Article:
Should Donald fail to repay that loan, FFP would take charge of a club which, not so long ago, was put on the market for £170m by its former owner, the American billionaire Ellis Short.

While this could be a very good thing – if Dell were to get involved Sunderland would gain heavyweight financial muscle – nothing is guaranteed. After all, the training ground is in the upmarket Cleadon area of Sunderland and occupies precisely the sort of invitingly large site which property developers would relish turning into expensive luxury homes.

Phil Parkinson, making his feelings known to the referee after a defeat at Gillingham, says: ‘This is a critical period for us.’

Phil Parkinson, making his feelings known to the referee after a defeat at Gillingham, says: ‘This is a critical period for us.’ Photograph: Paul Dennis/TGS Photo/Rex/Shutterstock

Meanwhile the team itself has turned distinctly downmarket. A recent picture of two players, the former Celtic winger Aiden McGeady – since transfer-listed and working with the under-23s following a “training ground incident” – and Chris Maguire tucking into a post-match meal at a McDonald’s on the way back from a 1-0 defeat at Gillingham appeared emblematic of plummeting standards.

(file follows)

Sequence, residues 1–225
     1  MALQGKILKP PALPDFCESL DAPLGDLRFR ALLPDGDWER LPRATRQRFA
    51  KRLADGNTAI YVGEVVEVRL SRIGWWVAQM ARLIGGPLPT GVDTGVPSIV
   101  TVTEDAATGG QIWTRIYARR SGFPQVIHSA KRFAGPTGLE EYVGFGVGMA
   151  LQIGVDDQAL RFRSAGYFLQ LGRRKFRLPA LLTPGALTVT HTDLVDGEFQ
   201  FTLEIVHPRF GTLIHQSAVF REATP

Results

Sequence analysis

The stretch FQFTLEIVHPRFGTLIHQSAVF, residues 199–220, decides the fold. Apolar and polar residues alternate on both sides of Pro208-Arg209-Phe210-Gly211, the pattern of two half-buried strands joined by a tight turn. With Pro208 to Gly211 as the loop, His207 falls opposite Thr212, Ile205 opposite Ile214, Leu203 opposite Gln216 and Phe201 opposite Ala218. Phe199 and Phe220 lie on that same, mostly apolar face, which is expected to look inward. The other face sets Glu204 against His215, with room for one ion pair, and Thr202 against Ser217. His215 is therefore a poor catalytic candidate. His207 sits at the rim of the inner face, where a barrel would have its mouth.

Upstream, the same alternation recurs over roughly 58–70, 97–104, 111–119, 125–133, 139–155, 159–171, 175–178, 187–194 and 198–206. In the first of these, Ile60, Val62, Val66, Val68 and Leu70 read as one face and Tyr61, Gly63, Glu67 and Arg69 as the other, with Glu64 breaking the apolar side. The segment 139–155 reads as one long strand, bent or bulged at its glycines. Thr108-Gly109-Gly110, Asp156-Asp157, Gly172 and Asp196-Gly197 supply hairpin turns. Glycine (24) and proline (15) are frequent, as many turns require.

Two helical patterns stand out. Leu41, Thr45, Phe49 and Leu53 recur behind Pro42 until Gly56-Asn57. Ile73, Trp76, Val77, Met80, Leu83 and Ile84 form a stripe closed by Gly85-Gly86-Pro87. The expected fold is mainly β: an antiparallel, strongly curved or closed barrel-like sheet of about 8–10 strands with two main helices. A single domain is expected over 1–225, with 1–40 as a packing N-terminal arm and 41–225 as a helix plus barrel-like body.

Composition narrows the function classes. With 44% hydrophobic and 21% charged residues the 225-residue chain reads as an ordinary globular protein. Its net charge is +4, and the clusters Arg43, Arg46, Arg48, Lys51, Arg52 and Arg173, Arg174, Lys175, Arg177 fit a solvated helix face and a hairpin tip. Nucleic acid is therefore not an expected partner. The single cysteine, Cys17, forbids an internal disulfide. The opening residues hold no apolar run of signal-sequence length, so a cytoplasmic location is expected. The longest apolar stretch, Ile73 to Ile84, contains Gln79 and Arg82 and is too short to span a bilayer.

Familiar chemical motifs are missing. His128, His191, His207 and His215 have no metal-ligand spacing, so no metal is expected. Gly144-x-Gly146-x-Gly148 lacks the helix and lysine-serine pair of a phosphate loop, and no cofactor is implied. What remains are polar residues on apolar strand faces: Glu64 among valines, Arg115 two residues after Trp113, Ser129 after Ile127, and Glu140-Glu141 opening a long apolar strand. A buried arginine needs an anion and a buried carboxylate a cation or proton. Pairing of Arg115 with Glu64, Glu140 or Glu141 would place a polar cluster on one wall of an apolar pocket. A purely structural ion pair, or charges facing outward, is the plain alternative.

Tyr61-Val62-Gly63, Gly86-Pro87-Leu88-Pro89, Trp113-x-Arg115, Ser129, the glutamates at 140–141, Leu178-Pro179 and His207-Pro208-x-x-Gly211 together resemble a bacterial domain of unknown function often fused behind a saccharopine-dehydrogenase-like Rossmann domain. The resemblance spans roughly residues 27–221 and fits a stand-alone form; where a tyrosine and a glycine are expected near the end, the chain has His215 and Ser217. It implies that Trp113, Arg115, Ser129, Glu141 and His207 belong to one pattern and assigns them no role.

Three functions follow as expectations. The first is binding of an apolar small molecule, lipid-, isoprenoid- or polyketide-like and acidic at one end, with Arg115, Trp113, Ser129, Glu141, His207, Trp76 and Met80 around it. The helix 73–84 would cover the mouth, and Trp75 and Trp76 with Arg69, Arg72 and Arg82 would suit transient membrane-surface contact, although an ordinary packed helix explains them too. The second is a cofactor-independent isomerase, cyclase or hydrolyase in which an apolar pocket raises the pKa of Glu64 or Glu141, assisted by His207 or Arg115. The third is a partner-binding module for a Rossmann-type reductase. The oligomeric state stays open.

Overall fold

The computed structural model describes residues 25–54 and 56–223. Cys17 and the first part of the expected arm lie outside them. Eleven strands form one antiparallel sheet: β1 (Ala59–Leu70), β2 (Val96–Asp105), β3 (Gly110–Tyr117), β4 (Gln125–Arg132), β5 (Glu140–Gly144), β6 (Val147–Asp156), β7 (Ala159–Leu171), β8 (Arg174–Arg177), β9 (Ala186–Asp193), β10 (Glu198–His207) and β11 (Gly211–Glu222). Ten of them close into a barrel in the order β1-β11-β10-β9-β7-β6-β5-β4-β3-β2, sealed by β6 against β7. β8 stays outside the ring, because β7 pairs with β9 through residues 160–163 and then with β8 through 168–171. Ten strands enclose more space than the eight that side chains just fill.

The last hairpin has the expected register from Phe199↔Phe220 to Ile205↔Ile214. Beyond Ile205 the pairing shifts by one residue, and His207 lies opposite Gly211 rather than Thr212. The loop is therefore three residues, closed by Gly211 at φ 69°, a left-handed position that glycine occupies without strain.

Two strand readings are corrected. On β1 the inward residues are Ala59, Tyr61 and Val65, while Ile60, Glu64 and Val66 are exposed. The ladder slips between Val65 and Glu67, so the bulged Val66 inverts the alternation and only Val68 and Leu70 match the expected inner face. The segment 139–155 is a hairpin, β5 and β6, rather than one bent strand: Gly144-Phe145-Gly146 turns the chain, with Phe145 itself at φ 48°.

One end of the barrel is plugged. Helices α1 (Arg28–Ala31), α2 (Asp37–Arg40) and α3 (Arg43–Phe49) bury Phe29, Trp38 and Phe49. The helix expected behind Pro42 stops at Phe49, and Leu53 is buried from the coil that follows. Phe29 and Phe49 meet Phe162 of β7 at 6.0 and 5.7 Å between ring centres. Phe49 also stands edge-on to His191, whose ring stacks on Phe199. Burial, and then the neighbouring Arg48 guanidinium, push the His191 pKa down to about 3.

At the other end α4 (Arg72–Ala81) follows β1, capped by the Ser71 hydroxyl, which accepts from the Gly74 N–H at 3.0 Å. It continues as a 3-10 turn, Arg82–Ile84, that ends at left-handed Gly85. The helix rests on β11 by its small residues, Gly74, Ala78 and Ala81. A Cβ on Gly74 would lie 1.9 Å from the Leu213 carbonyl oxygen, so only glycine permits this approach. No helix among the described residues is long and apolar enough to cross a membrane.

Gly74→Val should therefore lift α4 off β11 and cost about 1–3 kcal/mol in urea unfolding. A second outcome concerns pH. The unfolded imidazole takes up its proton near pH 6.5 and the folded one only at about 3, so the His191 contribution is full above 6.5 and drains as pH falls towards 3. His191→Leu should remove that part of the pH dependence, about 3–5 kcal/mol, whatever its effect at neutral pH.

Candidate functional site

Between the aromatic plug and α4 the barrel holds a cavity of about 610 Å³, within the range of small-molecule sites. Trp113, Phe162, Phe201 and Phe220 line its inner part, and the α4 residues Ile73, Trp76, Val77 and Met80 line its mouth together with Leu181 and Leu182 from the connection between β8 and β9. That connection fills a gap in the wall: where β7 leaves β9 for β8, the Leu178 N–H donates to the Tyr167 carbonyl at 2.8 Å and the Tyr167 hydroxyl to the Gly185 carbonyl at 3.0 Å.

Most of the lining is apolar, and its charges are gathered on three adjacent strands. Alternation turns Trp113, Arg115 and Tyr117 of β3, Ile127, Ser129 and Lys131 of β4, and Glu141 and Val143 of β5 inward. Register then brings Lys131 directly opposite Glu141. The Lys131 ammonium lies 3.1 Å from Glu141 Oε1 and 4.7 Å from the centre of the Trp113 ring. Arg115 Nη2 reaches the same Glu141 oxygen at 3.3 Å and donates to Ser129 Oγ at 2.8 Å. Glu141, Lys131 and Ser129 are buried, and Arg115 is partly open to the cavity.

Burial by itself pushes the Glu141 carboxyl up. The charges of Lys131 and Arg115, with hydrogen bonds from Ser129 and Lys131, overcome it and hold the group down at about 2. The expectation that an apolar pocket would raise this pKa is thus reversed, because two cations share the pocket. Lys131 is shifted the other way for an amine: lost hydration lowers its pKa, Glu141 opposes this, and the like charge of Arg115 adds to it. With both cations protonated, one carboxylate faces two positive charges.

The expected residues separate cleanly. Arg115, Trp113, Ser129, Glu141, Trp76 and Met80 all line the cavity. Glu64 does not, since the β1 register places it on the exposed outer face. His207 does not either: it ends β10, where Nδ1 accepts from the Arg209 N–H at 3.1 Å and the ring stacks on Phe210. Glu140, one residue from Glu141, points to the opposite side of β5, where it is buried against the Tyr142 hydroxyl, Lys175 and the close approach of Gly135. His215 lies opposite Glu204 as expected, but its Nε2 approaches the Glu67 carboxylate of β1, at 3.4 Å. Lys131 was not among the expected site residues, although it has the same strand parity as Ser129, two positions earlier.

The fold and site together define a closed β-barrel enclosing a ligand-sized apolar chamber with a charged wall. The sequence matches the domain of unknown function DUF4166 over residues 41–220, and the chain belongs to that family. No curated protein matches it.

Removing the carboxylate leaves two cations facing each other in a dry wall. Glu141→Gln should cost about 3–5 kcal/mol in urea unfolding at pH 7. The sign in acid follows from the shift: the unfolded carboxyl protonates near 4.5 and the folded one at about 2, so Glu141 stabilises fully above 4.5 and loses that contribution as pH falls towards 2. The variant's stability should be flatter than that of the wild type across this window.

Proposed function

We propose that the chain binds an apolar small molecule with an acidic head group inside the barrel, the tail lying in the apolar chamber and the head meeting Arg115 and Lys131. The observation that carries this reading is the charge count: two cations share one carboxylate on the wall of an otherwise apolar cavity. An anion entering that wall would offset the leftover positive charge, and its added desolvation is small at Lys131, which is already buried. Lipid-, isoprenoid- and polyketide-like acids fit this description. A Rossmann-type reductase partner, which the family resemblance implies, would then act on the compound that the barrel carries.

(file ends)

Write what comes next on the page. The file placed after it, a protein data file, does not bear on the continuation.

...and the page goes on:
So far Parkinson has presided over only two wins and has, damningly, said: “Is it the greatest dressing room I’ve been part of? Probably not.”

Following a disappointing 1-1 home draw with Blackpool this month, Parkinson swerved post-match media duties, claiming “he needed a break” but he was back facing the microphones and endeavouring to be as upbeat as possible on Monday.

“This is a critical period for us,” said Parkinson, reminding everyone that his side are only six points off a play-off place. “In the next block of four games we have to aim to get back into the top six or pretty close to it.”

Flags at the Stadium of Light have been fluttering at half-mast since Friday when Billy Hughes, a vital attacking spark in Sunderland’s 1973 FA Cup-winning team, died at the age of 70 and a minute’s silence will precede kick-off against Bolton.